It was a greyish Monday morning. I had woken up super early to meet my sister for her 3rd attempt to get a doctor to see her about removing the cataract growing in her eyes.
The first time she went to the St Johns Eye Clinic at Chris Hani Baragwanath Hospital in Soweto, the hospital was closed because of the outbreak of the Coronavirus pandemic. The clinic was on lockdown and no new or old patients were being consulted. She went back in July. Then she was told that because of the third wave, doctors were only seeing patients with emergency cases. They gave her another date.
That day was Monday the 06th of September. She asked me to come with her for moral support. I was more than happy to go because it had been a long journey to get to a place where she could agree to a medical assement and possible treatment of her failing eye-sight
Our journey started a few years ago when I decided to gift her with a pair of new eye glasses. That’s one of many things things my sister and I have in common. We’ve been wearing glasses for most of our lives. I started when I was 13.
We went to see an optometrist together. While she was inside taking her eye test I was happily going through the frames on display looking for one that would suit her. I was excited to help her choose new frames as this is the best thing about having to wear glasses for the rest of your life. You have to like what you see in the mirror.
When she came out dejected I was confused. “You’re not going to choose a frame?” I asked.
“No,” she said.
“Why?” I asked concerned.
“She says there is no lense that can improve my eye sight at this point. The current prescription I have is the highest there is. If I can’t see with my lenses then, I need to see an Ophthalmologist.” My sister explained in a subdued voice.
I was in disbelief. I had never thought it possible that my sister could become legally blind right in front of my eyes and at such a young age.
“How does that happen, what does it mean? We must get a second opinion,” I told her. “Let’s go to another optometrist, maybe this one is wrong.”
“No,” she insisted, “they’ll just tell me the same thing.”
Eventually after some nudging my sister agreed to consult an ophthalmologist to see if her vision can be improved to a point where she can at least wear glasses. I was convinced that there was something we can do to change the situation for the better for her. I was also very happy that she agreed to go and only with me.
After our consultation I tried very hard to hold back my tears.
“There’s nothing we can do for the one eye,” said the doctor. “But the other eye can still be saved. I can refer you to an academic hospital to have the cataract removed. At least you will be able to see with one eye. There are many people who can only see with one eye, and they live normal lives” he said writing us a referal letter.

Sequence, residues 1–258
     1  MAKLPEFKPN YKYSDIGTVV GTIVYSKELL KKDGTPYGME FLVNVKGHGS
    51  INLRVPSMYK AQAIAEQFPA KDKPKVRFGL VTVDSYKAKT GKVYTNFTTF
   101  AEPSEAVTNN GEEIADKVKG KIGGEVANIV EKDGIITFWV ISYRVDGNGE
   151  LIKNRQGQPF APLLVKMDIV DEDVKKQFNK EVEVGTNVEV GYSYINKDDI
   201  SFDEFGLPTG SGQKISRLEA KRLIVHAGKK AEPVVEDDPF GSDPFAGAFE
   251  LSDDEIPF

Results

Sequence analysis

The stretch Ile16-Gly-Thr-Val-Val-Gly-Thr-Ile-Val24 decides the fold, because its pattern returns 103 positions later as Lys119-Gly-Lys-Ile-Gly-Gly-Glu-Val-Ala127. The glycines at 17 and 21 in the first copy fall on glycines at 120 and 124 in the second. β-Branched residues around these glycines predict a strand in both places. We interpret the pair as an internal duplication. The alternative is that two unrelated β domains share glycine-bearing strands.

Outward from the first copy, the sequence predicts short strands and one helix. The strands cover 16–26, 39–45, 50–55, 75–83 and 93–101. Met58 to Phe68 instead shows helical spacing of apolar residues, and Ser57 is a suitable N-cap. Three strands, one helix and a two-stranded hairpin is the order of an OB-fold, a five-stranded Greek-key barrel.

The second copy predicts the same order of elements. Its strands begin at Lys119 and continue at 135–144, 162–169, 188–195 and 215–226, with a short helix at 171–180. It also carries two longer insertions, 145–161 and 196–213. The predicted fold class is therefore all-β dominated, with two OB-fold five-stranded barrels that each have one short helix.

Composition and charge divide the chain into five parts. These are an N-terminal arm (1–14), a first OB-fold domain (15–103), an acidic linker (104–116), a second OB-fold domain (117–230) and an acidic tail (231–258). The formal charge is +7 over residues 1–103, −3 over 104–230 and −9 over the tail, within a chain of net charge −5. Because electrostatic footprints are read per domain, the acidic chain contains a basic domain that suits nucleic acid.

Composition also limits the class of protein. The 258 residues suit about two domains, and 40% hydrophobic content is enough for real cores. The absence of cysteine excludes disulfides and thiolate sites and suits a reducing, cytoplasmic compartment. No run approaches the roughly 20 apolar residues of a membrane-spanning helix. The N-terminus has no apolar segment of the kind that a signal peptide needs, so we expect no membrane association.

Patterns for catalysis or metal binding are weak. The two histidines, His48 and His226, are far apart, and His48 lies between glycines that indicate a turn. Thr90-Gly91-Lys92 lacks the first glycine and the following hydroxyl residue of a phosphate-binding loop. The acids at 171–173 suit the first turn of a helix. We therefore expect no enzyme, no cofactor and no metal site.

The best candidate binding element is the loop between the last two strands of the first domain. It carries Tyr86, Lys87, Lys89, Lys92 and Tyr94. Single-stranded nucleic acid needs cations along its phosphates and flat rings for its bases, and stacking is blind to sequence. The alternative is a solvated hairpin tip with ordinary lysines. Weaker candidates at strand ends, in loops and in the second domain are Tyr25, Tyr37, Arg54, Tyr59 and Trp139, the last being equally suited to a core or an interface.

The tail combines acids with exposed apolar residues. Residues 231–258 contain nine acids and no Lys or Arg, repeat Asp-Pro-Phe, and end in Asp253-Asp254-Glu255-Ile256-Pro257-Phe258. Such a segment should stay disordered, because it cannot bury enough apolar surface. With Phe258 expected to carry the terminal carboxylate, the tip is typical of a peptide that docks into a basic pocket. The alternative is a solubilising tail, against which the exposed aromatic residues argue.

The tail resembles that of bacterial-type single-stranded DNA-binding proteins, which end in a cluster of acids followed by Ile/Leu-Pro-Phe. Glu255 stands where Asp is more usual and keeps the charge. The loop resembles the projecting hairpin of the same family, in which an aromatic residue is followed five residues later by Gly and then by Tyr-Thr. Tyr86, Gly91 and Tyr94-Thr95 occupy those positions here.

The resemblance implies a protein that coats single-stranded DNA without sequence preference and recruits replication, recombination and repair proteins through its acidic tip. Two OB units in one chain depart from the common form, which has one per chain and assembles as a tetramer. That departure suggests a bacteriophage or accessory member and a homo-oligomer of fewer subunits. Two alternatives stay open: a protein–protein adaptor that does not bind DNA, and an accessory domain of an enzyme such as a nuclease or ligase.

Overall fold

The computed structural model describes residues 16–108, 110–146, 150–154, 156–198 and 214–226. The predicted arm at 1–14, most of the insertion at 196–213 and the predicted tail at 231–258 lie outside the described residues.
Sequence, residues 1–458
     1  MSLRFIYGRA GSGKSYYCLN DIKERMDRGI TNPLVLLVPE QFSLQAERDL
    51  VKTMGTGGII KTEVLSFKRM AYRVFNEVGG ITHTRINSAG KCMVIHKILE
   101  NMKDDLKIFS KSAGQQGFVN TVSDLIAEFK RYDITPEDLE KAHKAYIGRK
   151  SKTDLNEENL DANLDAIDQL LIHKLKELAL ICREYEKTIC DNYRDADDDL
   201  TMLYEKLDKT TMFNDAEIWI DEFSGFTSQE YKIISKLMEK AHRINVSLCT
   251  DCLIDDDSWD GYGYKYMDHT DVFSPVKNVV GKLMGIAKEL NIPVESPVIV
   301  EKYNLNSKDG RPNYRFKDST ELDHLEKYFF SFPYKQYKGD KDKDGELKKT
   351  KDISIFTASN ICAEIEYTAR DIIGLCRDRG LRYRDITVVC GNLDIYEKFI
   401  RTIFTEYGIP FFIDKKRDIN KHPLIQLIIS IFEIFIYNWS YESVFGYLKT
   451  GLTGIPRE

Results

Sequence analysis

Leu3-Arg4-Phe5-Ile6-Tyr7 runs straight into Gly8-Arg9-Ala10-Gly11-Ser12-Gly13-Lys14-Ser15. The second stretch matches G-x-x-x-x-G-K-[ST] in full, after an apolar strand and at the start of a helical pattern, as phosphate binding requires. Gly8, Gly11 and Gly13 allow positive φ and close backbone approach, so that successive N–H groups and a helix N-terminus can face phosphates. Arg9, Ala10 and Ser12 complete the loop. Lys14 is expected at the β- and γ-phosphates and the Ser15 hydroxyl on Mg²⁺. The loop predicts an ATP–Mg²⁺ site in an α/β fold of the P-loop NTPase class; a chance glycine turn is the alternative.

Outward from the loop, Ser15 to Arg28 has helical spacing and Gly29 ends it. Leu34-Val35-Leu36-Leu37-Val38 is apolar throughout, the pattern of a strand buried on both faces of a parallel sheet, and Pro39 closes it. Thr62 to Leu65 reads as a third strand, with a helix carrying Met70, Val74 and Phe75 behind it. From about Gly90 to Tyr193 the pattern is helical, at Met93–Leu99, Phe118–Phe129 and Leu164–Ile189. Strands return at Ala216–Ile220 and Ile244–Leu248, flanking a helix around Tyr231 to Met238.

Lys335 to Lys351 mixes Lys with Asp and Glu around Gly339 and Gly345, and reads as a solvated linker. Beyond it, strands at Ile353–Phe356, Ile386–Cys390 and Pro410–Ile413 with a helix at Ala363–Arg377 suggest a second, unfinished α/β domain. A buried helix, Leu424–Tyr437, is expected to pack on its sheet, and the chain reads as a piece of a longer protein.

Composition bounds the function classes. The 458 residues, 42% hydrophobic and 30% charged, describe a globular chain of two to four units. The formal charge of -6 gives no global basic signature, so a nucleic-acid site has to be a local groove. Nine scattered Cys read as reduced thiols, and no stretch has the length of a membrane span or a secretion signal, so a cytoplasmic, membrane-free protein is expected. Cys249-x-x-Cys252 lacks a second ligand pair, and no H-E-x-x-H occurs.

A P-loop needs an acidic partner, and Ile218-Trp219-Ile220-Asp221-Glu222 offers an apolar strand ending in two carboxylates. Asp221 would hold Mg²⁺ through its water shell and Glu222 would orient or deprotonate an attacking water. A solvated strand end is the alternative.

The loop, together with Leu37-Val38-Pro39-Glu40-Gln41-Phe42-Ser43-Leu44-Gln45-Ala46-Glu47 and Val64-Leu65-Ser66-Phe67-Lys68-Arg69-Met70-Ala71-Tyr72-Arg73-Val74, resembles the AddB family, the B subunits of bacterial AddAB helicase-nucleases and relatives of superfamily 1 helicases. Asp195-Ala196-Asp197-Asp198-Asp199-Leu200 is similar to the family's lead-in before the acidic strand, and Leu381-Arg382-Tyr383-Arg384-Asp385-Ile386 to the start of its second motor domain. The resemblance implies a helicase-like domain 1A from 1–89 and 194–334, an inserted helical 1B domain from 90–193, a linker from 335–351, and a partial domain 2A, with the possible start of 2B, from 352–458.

My sister just looked down at her feet as we walked back to the car. The silence was too much to bear. I didn’t know what to say.
But I tried to be practical.
“I’ve seen cataract operations being done before. You don’t have to go into the theater or under anaesthic. You just sit and the doctors uses a laser pen to remove it. You don’t have to go under the knife.” I said compassionately.
“I know,” she said, “but I’m going to trust God.”
So when she invited me to her appointment I was more than happy that she was now willing to do something about it.
When we arrived at St Johns it was 7am in the morning. A long queue of people was already snaking through the parking lot to the very back-end of the clinic.
It didn’t look like we’d be seen before lunch time.
People standing in line were mostly senior citizens with a trickling of children and youngish looking people like my sister and me. Fortunately for us the line was moving super fast. Two St John staff wearing blue personal protective gear where checking everyone’s papers to make sure they had a legitimate appointment. By 8am we’d already reached the front of the line where my sister’s fate would be determined.
“Where do you live?” A queue marshall asked.
My sister told them.
Go that side.
A young, well dressed white male doctor was pointed to us as our point of call.
He asked for my sister’s script.
After reading it, he took out his iPhone13 put the phones’ torch on and inspected my sister’s left eye.
“It’s not an emergency” he said in conclusion.
“You’ve had this injury since 2016. We are only treating patients with emergency cases. I will have to give you another date, ” he said.
We both stood there aghast, parched for words.
“I’ll give you a date for November,” he said searching for a space to write on my sister’s prescription.
Can you at least gurantee that she will get to see a doctor in November?
“No, I can’t guarantee that” he said straighting himself up. “Especially with the fourth wave now coming, we are still dealing with backlog cases from the 2020 lockdown”
“That’s it? ” we asked.
“That’s it,” he said.
“Next!!!” the queue Marshall called out.
“What happens now?” I asked to no one in particular.
“See I told you,” my sister replied “I will trust God.”